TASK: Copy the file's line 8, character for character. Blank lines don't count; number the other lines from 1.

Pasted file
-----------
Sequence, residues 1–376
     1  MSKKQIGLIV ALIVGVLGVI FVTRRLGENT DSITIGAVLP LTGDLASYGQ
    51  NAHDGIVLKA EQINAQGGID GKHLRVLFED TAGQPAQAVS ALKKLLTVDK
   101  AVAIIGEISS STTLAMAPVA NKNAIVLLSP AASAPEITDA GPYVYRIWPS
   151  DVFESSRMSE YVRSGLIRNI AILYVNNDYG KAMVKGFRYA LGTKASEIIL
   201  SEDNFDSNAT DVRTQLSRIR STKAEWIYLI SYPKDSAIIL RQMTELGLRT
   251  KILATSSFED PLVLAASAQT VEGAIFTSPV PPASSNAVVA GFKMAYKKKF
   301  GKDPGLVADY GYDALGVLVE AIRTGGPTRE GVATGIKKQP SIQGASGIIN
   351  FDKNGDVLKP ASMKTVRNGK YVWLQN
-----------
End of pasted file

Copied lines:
   301  GKDPGLVADY GYDALGVLVE AIRTGGPTRE GVATGIKKQP SIQGASGIIN